The Chronicle of Higher Education reports that as applications increase, college acceptance rates, “yield” rates, and enrollment predictability have decreased. A new report from the National Association for College Admission Counseling presents data that explains some of these changes.
Some statistical highlights:
- For the fourth year in a row, 75% of four year colleges or universities saw an increase in applications. However, in 2008, 22% of those applicants applied to seven or more schools, in contrast to 19% in 2007. From 2001 to 2007, the average acceptance rate fell to 66.8%, from 71.3%.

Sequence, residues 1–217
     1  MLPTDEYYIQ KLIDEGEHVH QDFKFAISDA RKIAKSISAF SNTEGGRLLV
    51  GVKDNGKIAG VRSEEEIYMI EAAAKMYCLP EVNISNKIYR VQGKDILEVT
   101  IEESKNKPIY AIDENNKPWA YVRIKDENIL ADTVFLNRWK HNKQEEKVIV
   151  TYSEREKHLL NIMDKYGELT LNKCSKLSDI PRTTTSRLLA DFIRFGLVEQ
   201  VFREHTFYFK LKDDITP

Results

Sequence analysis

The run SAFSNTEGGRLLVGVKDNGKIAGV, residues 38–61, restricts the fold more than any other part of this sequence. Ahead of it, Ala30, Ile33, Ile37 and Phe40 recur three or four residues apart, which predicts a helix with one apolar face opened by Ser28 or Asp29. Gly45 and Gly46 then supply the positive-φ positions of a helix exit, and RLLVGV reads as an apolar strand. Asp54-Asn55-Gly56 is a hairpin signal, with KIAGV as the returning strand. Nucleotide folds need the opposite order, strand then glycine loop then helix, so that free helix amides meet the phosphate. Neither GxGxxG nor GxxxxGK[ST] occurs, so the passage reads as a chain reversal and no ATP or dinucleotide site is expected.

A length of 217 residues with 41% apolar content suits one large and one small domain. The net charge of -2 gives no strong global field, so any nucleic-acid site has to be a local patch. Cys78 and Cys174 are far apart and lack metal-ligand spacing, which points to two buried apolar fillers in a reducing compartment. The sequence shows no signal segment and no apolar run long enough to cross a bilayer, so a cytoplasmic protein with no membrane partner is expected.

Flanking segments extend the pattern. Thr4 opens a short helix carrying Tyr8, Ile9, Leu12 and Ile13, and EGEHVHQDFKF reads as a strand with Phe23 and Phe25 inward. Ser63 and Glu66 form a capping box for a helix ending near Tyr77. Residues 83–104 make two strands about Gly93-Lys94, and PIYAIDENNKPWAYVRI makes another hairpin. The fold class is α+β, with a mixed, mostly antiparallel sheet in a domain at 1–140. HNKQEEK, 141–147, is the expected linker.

- From 2001 to 2007, the average yield rate (percentage of students who accept an offer of admission) fell to 45.2% from 49.1%.
- More and more students are submitting online applications. In 2008, 72% of applicants filed online application, as opposed to 68% in 2007, and 58% in 2006.
Increased applications mean more work for admissions staffs. In 2008, admissions officers were responsible for reading an average of 459 applications. In addition, admissions offices spent an average of $1648 on each student who enrolled.
Although it is clear that applications are on the rise, it is unclear whether colleges and universities can respond to the increased need for financial aid. The report concludes, “Although many colleges were able to respond to increased financial-aid demand during the fall 2009 admission cycle, it remains unclear how far colleges can stretch their financial-aid resources.”